It was a dispute that left many scratching their heads: in August, singer and songwriter Robin Thicke and the two writing partners behind his breakout hit “Blurred Lines,” sued the family of the deceased Marvin Gaye in a preemptive strike and asked for unspecified damages.
Thicke had previously acknowledged Gaye’s 1977 hit “Got to Give It Up” as an inspiration for “Blurred Lines,” but he and his cowriters insisted they had not committed copyright infringement. They filed the suit in anticipation of a lawsuit from Gaye’s children.
Soon after, Gaye’s children, Frankie and Nona, filed a countersuit, claiming that both “Blurred Lines” and another song of Thicke’s infringe on their father’s copyright. The siblings also sued Sony/ATV Music Publishing, which controls the catalog that includes Gaye’s songs, of trying to intimidate them into dropping the case. Sony/ATV also publishes the work of one of Thicke’s cowriters.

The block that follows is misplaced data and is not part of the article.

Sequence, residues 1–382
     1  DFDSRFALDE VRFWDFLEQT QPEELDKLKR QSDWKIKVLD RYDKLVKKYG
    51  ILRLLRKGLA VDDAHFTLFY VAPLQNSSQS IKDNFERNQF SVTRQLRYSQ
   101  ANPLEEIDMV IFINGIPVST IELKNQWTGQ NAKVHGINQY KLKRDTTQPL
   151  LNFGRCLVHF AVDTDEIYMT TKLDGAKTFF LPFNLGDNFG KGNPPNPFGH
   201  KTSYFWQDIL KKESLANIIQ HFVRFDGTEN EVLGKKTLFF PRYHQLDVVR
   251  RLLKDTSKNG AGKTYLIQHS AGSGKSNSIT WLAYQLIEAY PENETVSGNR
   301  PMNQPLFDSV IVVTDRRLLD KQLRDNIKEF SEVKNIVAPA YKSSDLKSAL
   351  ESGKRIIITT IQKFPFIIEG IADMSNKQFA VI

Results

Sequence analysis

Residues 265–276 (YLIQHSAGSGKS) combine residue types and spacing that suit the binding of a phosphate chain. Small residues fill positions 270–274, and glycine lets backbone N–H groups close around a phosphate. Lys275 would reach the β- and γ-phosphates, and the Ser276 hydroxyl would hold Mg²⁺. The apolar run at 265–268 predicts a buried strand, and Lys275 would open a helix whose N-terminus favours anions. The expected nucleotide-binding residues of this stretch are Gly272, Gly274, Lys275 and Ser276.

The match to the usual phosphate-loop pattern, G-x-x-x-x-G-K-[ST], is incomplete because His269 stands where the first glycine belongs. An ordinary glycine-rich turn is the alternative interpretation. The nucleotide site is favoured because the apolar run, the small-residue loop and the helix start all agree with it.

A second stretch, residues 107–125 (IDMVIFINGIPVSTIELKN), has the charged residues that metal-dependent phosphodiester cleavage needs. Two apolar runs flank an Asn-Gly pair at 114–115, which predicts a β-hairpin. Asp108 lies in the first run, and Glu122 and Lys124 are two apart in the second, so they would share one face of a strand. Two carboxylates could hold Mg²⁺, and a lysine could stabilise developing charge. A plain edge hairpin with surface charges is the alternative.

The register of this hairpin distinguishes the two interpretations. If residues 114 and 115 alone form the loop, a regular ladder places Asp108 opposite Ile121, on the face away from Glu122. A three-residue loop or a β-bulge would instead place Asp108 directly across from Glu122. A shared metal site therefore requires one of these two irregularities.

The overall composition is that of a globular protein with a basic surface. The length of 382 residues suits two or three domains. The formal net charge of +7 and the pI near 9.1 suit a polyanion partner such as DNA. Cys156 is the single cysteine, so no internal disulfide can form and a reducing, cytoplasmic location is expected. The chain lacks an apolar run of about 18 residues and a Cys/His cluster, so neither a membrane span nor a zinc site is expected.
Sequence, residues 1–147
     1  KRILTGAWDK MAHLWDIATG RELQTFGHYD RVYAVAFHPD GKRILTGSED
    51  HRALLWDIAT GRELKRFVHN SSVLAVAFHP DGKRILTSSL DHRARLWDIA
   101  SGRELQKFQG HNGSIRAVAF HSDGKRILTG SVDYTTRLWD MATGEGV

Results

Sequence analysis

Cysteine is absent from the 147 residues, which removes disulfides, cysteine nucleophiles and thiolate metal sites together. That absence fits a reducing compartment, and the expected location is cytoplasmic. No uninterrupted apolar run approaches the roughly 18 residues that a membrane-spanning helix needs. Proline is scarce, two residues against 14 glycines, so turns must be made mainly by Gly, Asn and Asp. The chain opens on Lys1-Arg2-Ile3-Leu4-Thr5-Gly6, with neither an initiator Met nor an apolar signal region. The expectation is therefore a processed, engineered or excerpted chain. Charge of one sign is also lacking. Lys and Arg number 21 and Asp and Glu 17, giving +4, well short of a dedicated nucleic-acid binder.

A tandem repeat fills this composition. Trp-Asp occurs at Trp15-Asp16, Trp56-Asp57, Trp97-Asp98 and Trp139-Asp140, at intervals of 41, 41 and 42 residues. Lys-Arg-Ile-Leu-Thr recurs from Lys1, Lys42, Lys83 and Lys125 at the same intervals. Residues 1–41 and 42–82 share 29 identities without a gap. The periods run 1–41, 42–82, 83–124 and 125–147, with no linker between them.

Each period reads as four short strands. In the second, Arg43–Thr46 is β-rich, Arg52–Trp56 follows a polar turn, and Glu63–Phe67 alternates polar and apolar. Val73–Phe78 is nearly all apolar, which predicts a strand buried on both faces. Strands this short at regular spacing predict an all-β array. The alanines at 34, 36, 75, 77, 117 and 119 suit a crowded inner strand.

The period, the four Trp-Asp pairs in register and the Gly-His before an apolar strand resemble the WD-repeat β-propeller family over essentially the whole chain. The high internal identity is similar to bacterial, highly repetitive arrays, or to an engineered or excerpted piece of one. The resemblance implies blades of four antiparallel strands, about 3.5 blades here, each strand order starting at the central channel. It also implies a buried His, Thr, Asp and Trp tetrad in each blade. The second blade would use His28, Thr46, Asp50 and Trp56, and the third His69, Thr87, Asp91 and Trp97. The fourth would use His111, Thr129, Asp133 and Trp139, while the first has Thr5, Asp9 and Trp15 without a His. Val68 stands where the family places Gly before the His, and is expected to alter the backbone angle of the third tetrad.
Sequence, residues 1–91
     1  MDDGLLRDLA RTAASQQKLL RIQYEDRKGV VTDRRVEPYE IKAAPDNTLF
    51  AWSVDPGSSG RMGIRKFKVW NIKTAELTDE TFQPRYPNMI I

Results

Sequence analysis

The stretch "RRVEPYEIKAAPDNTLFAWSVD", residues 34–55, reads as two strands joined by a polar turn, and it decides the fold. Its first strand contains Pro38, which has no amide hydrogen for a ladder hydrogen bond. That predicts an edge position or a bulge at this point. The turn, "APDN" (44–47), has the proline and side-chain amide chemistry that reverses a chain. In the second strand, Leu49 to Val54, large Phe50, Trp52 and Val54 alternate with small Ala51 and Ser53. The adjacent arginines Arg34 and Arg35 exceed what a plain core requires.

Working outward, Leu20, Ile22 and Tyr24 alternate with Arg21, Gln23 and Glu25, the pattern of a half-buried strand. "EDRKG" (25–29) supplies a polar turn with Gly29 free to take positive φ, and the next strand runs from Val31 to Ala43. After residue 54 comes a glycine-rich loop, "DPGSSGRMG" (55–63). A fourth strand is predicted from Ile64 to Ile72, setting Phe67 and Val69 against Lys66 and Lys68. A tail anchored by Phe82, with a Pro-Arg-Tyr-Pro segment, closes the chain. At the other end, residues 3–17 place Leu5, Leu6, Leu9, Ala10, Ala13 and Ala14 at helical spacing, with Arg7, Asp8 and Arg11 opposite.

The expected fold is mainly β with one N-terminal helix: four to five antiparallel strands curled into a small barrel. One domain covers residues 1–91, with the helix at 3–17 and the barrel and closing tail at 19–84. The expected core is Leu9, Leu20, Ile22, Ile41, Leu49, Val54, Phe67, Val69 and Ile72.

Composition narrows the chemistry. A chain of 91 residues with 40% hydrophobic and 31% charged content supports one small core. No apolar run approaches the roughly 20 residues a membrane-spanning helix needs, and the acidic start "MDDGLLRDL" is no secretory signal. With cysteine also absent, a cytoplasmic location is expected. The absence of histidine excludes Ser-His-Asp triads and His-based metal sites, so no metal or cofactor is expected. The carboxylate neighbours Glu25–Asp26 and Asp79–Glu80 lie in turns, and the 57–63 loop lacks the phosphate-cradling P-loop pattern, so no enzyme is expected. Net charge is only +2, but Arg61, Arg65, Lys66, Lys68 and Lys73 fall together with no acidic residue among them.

Both Thicke and his fellow songwriters and Gaye’s descendants have commissioned reports from musicologists who reached differing opinions on the question of whether “Blurred Lines” infringes musically on “Got to Give It Up.” The story casts a pall over Thicke’s recent success and serves as a reminder of the value of hashing out disputes privately, whether through negotiation or mediation, whenever possible.